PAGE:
endosymbiont theory

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endosymbiont theory

[‚en·dō′sim·bē‚änt ‚thē·ə·rē]
(cell and molecular biology)
A theory that the mitochondria of eukaryotes and the chloroplasts of green plants and flagellates originated as free-living prokaryotes that invaded primitive eukaryotic cells and become established as permanent symbionts in the cytoplasm.
References in periodicals archive ?
The Ancestor band is based on a field of scientific knowledge, called Endosymbiotic Theory, the belief that all life is connected by a life force that connects us all one to another.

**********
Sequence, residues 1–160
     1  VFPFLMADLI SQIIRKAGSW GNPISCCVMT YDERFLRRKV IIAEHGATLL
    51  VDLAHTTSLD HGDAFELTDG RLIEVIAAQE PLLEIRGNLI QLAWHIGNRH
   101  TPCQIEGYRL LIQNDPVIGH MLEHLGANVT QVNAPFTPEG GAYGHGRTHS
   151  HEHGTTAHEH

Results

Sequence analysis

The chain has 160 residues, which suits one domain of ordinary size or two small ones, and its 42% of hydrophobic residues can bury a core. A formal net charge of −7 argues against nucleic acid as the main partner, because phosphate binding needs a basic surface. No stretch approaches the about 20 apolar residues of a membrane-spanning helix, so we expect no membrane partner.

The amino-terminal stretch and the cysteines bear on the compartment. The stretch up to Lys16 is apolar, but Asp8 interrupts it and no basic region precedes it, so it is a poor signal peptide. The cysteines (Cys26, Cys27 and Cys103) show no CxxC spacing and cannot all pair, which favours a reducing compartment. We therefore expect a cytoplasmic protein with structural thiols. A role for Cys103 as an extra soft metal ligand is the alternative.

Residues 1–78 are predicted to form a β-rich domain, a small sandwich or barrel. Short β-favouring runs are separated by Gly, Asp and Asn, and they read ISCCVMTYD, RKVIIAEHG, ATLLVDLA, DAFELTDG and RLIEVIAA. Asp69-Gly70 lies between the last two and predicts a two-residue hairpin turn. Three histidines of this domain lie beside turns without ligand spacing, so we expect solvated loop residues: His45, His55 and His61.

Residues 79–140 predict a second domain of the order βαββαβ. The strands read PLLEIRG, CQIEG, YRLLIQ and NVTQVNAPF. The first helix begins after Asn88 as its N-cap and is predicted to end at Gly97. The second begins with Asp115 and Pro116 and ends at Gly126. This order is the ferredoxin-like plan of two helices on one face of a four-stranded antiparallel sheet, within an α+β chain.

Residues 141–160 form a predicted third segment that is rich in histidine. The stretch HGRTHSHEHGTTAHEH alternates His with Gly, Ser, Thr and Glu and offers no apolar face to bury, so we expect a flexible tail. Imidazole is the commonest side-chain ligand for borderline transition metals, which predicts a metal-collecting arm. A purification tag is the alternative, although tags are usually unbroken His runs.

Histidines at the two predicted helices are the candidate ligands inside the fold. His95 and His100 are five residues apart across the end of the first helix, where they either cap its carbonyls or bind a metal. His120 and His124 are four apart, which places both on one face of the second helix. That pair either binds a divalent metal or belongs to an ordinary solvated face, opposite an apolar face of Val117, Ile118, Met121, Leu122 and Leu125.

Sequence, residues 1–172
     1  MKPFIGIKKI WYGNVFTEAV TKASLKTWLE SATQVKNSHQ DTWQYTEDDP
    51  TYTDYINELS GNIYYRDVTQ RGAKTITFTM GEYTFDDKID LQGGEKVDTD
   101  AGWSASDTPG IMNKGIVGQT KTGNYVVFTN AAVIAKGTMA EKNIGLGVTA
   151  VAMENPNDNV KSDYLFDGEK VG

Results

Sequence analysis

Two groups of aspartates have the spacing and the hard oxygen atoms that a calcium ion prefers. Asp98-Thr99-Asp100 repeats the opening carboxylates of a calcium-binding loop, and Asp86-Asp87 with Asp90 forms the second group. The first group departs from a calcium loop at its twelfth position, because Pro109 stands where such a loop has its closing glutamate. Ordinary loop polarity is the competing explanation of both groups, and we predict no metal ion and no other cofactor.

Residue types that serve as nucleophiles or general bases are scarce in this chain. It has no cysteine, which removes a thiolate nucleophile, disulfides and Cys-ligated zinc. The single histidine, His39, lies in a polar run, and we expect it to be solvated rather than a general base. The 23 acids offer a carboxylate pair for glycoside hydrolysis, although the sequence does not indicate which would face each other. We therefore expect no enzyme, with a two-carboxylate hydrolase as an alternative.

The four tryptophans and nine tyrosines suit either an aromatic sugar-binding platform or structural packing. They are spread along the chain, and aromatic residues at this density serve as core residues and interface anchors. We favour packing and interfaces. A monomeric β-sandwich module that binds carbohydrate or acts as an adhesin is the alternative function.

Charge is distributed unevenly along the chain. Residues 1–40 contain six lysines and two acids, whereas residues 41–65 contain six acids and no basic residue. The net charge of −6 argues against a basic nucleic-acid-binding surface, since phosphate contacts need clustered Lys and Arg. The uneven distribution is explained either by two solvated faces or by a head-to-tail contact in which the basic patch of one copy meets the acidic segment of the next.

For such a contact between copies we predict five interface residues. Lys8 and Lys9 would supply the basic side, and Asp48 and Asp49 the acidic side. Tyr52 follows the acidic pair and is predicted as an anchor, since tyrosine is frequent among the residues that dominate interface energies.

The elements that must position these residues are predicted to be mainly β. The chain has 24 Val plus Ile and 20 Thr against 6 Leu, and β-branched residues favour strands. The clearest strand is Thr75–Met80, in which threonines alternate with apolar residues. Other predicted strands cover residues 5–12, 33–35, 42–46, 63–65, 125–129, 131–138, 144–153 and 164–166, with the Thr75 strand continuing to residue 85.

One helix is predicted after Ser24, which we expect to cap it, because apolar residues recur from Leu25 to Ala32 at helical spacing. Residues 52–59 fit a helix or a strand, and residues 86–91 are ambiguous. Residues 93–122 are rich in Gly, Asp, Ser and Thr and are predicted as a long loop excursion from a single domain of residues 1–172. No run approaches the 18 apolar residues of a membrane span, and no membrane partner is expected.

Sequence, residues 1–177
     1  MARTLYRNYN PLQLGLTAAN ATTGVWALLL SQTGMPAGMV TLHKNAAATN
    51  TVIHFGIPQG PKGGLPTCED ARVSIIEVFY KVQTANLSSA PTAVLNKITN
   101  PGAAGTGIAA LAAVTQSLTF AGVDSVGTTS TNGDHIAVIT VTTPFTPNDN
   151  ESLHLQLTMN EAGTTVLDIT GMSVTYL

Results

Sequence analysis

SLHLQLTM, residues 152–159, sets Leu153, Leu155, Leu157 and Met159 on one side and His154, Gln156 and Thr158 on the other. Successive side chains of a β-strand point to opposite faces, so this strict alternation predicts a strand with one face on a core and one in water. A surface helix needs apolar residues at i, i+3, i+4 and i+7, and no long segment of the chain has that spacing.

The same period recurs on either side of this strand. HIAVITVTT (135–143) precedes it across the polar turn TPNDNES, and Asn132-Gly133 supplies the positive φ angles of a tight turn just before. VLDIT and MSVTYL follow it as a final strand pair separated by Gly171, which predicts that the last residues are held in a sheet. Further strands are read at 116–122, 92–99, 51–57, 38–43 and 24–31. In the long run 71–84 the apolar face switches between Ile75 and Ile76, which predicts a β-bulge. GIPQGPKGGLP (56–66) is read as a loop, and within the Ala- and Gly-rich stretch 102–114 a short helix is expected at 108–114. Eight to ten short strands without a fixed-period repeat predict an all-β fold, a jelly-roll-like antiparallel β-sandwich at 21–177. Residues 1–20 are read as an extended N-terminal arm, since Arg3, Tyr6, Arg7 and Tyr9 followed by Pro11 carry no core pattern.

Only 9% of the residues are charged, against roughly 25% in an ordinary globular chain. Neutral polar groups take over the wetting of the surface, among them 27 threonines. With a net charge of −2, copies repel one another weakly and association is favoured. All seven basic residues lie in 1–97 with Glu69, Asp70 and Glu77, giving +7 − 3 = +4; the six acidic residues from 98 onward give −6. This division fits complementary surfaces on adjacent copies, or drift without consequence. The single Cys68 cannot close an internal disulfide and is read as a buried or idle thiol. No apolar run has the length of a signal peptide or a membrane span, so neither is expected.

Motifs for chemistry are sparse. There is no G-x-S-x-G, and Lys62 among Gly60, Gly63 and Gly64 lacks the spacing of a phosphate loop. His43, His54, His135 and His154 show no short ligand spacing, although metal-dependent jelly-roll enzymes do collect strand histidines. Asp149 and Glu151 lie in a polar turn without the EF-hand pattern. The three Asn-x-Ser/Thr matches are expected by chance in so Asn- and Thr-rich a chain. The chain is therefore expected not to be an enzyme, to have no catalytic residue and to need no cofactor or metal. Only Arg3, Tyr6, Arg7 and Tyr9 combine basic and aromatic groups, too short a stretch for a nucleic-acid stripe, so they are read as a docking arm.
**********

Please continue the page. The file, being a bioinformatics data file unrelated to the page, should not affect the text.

The endosymbiotic theory envisions the evolution of the first eukaryotic cells to have resulted from the permanent incorporation of once autonomous, physiologically different prokaryotic cells incorporated into a host prokaryotic cell-type (Kutschera and Niklas, 2004).
No mention is made of the endosymbiotic theory for formation of mitochondria, although that event would hold several possibilities for discussing artistry, theology, and the methods of a creator.